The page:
Your body loves rhythms ... it thrives on them. Your heartbeat, your breath rate, your need for rest are all based on rhythms that occur naturally in your body or that you've established in your life. The more rhythms you establish, the better your body likes it. When your body has a rhythm to follow, it doesn't have to work as hard. It knows what to do and when to do it. If you go to bed at the same time every night and you get up at the same time every morning, your body knows, "Now I get to rest, now it's time to get up." When you begin each day with a rhythmic consistency, it allows the rest of your day to unfold more easily than when you dive into the day with no rhyme or reason. - See more at: http://www.chirunning.com/blog/entry/running-with-a-metronome#sthash.9ToniP33.dpuf

Finding my rhythm. That is what I always strive to do in the first few of miles of a long run. As my body settles into the running rhythm it is used to and comfortable with, then I begin to enjoy the run, the scenery and the people I am with.

I am into the first mile of this marathon called the Superintendency and I am trying to find my pace and rhythm. Just like a long run, there is excitement and anxiety in this first mile. I'd like to start strong, but I also want to last and finish strong in the end. I ask for your continuing prayers. I also ask for your patience. The rhythms of this role are quite different from that of pastoring a local church. I am still looking for the right tempo and cadence, trying different combinations, that will make me effective and efficient, as well as faithful.

What about you? What are your personal rhythms of life? And what are the life rhythms of your family and your faith community? Are you aware of them? If so, are those rhythms optimal for growth and faithfulness? Or is there anything that needs to be tweaked? Do you need to slow down? Or maybe speed up? Is there a need to re-order your days or perhaps change the way you do things? If you are not aware of your life rhythms, I invite you to start paying attention to them.

The writer of Ecclesiastes says, "There’s an opportune time to do things, a right time for everything on the earth." (Ecclesiastes 3:1, The Message). The chapter goes on to outline proper times of doing things, suggesting a pattern, a rhythm of life, and calling us to pay attention to this rhythm and live according to it.

As I run this race, I always remind myself that it is a marathon and not a short sprint. I have to pace myself. I remind myself that I have been created uniquely and have to run at my own pace and not at a pace dictated by others. I remind myself to find a rhythm where I am not only able to run but also enjoy the run. I encourage you to do the same.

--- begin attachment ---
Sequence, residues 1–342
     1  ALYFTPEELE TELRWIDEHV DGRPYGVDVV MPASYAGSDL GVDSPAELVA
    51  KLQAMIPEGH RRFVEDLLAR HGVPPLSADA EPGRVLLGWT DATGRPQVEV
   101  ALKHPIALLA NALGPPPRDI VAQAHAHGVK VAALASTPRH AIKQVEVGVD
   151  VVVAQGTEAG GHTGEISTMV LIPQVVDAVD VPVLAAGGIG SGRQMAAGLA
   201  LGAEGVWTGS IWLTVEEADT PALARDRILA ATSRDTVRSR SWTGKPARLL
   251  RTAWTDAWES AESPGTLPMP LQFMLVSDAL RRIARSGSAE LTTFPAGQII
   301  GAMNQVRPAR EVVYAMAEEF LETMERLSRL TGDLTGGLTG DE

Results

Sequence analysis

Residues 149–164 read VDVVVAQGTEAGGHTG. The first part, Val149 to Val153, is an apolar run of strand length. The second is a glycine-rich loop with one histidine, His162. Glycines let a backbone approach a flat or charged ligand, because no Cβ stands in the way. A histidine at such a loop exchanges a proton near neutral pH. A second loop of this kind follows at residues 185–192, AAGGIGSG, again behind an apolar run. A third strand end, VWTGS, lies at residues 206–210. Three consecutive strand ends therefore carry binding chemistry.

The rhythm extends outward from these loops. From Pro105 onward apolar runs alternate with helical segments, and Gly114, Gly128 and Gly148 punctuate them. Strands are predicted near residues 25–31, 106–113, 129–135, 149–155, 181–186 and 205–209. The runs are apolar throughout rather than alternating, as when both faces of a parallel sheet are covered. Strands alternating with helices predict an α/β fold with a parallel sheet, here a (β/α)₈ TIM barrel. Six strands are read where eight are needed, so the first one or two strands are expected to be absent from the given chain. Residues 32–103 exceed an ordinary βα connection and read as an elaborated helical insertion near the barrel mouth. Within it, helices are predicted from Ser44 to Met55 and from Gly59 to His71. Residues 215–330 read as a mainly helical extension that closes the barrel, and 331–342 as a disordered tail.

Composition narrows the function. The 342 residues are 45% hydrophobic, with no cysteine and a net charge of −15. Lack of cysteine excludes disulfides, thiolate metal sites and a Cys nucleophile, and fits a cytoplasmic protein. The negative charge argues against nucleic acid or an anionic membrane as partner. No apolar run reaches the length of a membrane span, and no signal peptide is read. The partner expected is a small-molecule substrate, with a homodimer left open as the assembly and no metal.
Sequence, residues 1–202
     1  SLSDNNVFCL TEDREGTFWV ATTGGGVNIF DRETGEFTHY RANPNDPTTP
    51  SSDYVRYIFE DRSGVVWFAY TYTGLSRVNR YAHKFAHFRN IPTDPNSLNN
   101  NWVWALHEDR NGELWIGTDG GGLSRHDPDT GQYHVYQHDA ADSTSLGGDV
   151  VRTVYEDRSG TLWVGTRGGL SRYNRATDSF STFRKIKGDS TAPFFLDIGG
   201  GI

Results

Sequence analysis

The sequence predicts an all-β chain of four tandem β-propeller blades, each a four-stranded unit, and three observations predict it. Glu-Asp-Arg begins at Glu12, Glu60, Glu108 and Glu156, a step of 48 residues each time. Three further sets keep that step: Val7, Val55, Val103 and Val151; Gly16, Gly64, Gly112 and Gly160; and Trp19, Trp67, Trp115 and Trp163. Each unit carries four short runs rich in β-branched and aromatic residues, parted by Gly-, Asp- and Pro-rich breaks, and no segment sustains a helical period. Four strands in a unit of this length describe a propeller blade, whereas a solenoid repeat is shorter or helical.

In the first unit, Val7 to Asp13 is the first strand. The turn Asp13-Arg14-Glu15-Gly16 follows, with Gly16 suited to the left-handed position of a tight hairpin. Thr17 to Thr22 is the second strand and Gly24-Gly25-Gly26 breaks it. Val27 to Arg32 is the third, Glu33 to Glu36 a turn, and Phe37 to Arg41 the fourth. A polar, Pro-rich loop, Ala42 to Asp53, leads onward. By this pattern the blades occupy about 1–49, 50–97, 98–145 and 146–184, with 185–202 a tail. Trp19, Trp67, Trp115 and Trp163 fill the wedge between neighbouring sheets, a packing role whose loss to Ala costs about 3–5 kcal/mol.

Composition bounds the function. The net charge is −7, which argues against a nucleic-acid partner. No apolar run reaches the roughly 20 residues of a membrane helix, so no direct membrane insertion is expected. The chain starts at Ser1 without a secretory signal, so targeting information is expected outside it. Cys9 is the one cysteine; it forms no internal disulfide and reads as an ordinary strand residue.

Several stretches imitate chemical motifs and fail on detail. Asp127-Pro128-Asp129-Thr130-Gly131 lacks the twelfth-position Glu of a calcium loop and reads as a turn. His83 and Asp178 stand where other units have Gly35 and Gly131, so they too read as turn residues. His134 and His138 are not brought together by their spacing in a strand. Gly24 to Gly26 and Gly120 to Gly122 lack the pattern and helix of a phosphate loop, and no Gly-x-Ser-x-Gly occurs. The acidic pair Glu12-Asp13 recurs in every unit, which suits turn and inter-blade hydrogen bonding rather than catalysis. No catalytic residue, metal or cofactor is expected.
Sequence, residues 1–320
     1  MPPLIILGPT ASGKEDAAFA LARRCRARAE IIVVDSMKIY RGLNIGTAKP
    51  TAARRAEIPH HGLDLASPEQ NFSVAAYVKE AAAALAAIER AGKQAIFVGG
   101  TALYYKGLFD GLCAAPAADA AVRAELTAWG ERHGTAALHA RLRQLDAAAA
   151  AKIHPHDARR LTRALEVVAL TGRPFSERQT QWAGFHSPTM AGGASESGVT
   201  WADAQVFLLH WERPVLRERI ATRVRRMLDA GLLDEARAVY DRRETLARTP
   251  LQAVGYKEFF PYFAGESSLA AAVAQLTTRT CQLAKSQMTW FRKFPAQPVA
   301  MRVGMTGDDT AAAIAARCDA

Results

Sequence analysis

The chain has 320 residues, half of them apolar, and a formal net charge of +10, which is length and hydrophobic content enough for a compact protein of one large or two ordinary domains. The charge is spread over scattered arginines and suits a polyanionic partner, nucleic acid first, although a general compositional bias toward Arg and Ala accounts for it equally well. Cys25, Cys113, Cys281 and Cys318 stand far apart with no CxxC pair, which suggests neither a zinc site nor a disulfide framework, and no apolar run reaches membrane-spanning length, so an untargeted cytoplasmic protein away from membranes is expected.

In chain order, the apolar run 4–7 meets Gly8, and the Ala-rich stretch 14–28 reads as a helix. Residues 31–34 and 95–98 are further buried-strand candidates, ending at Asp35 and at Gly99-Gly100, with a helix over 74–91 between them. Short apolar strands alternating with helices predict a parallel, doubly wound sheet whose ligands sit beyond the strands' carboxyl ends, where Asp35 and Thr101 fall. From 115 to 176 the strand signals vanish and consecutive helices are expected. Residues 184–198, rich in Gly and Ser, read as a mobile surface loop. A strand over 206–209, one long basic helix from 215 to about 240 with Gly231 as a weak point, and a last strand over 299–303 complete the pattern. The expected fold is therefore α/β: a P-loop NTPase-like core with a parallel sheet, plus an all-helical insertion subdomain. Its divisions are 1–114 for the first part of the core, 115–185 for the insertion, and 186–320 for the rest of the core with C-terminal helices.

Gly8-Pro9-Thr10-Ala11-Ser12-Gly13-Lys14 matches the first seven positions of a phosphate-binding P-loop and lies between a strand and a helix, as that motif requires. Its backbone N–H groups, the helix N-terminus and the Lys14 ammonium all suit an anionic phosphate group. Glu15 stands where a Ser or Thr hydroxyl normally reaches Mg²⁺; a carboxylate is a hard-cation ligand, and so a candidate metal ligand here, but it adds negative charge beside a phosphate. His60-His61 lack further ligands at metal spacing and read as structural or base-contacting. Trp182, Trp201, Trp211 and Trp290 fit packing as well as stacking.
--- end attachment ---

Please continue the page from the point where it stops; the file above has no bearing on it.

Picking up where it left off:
Your fellow disciple,

Tuesday, July 8, 2014

At the Starting Line

More than a year ago, I set-up a blog intending to write spiritual reflections about my, then new-found, love for running. It never happened. Between my pastoral responsibilities, my role as husband and father, and training for my first marathon, I was too busy and did not go beyond reserving the blog name, "Reflections of a Running Reverend". I did run my first marathon last year (as well as my 2nd & 3rd). But my blog never made it past the "starting line."

Today, I find myself at another starting line as I officially begin this new role as Superintendent of the Alaska United Methodist Conference. My predecessor, Dave Beckett, ran the race with perseverance and passion. And he ran it well! Now the baton is in my hands. My prayer is that I would handle this baton faithfully until it is time for me to pass it on to the next person in line.

As I stand at the starting line of this new role, I thought it would be a great time to start blogging as well. This blog will be a chance for you to get to know me and have a glimpse of what's in my heart and mind. As the name suggests, it will have running metaphors and reflections, as running has become for me very spiritual. It will definitely have photos, since one of my other passions is photography. It will have videos, another of my interests. And since I have a bachelor's degree in math, I may occasionally talk numbers and stats.

The beauty of our itinerant system is that we are always given a new start. Here in the U.S., July 1st is always a starting line for United Methodists. Whether you are in a new race (i.e. a new appointment or a new pastor) or a new lap (i.e. a reappointment to the same church), I invite you to always look at the beginning of the new appointive year as a fresh new start, a spring, a resurrection, for you, your family and your faith community.

As we run the race of life together, I echo the words of the writer of Hebrews, "...let us lay aside every weight and the sin that clings so closely, and let us run with perseverance the race that is set before us, looking to Jesus the pioneer and perfecter of our faith..." (Hebrews 12:1b-2a, NRSV).

Your fellow disciple,